The Hosmasa Museum tells the story of the 'Hagana' in Holon and its surroundings during the War of Independence and the pre-statehood period.
The site is located on a hill, bordering sand dunes that were once the only landscape of the region.
The building was built in 1934 on land purchased by the owners of "AgroBank," Yaakov Mirenburg and Shimon Yavetz, residents of the area. The building was built as a house above a well and was inhabited by a security guard and his family.
The Hosmasa building and the sands around it served the Hagana as a training area from the mid-1930s until 1948.
It was very difficult to reach the site, and the desolate place enabled thousands of trainees from Tel Aviv and the center of the country to conduct a training program hidden from the eyes of the British.
Hosmasa served as a station on the security road that operated during the War of Independence.
The road connected Tel Aviv to the southern colonies, leading to Jerusalem and the Negev. The convoys carried equipment, food, weapons, ammunition, and people to the besieged and remote settlements.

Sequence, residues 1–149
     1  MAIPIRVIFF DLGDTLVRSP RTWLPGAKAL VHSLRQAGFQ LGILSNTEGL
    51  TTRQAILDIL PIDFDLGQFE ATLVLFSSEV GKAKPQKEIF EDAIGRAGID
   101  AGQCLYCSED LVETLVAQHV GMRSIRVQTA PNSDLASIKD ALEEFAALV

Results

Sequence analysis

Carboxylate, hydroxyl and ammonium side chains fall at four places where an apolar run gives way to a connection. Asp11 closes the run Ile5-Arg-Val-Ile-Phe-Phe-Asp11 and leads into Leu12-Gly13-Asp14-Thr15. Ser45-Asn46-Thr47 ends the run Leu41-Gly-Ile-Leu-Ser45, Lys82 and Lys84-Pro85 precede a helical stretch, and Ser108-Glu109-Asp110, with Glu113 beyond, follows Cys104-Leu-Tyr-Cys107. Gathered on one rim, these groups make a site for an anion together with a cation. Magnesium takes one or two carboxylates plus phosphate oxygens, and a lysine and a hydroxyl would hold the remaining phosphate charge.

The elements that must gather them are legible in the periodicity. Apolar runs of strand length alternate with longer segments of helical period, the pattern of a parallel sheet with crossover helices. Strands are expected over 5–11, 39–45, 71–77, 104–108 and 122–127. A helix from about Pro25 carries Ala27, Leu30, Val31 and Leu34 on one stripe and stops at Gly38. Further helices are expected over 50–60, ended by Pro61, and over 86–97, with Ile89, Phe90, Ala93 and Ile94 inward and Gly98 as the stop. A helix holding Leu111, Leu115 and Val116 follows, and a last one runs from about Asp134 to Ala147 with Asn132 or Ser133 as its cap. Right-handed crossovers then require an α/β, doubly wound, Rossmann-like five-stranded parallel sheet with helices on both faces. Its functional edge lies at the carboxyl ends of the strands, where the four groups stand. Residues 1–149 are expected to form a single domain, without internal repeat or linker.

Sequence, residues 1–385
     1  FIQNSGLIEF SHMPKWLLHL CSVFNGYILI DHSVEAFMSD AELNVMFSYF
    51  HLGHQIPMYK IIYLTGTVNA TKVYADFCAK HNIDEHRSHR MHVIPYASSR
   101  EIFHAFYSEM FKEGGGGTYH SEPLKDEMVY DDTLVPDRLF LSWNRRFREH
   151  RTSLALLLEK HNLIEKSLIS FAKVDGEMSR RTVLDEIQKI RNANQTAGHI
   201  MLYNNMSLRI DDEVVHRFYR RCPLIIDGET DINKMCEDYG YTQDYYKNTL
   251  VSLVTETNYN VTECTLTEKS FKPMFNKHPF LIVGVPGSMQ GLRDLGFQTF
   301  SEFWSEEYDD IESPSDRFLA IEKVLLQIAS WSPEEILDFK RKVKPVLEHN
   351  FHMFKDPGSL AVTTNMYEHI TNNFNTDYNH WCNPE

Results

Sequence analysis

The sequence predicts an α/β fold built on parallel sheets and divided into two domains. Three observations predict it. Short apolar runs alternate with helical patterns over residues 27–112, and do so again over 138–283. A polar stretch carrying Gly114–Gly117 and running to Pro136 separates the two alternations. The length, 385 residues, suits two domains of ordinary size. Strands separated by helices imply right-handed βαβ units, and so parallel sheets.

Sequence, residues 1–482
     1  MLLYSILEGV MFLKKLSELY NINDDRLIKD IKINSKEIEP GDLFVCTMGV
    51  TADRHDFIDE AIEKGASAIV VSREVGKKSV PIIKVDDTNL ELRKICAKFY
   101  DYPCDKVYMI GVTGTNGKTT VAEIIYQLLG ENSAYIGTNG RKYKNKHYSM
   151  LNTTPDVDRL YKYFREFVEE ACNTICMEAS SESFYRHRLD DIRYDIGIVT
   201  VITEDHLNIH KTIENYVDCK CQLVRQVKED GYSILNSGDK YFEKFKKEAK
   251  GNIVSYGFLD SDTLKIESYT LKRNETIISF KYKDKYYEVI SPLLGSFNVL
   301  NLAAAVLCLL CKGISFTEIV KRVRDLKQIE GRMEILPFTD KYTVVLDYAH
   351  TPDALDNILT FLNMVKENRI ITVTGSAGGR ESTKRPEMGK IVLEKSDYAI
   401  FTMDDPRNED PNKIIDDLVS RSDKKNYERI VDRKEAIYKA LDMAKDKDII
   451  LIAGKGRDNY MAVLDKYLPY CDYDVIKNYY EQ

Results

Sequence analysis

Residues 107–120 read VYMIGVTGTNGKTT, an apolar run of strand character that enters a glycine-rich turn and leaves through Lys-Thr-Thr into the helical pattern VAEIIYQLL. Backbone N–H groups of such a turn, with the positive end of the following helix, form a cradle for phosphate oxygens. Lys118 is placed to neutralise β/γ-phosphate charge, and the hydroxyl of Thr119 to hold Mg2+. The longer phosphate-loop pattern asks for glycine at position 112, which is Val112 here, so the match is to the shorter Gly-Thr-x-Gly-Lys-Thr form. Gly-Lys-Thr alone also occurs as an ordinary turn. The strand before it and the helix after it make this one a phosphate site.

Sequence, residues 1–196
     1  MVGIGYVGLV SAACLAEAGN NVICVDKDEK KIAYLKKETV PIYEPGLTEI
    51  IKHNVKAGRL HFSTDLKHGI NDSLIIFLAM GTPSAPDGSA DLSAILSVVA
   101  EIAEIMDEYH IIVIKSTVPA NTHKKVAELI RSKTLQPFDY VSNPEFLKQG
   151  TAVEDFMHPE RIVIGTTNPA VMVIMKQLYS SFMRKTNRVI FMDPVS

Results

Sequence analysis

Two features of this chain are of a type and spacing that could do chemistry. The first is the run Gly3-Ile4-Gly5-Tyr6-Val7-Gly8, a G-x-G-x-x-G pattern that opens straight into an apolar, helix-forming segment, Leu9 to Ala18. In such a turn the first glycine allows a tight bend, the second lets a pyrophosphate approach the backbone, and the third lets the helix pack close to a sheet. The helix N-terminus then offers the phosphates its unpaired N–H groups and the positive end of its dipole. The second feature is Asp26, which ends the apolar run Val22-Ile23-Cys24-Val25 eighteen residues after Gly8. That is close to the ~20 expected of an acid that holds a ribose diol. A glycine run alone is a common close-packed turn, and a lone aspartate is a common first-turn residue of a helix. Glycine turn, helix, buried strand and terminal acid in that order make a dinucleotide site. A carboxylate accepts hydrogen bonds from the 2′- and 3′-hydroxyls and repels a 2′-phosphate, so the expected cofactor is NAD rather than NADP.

The building is built in the "Bauhaus" style, characterized by its simplicity, lack of decoration and symmetry, functionalism and universality.
At the museum is a moving display that tells the story of the Hagana organization in Holon, their training, the activities of the underground, the secrecy, the values of the period, the security and daily routine in the context of the struggle for independence.
Visiting the museum, visitors will experience the spirit of the period, and, will experience searching for hidden caches, will operate Morse code and more.
The visit includes a tour of the garden to see the exhibits scattered around - the "Davidka Tunnels," see mortars and armored cars, as well as a film about the site.
There is also a digital game that uses mobile devices to play.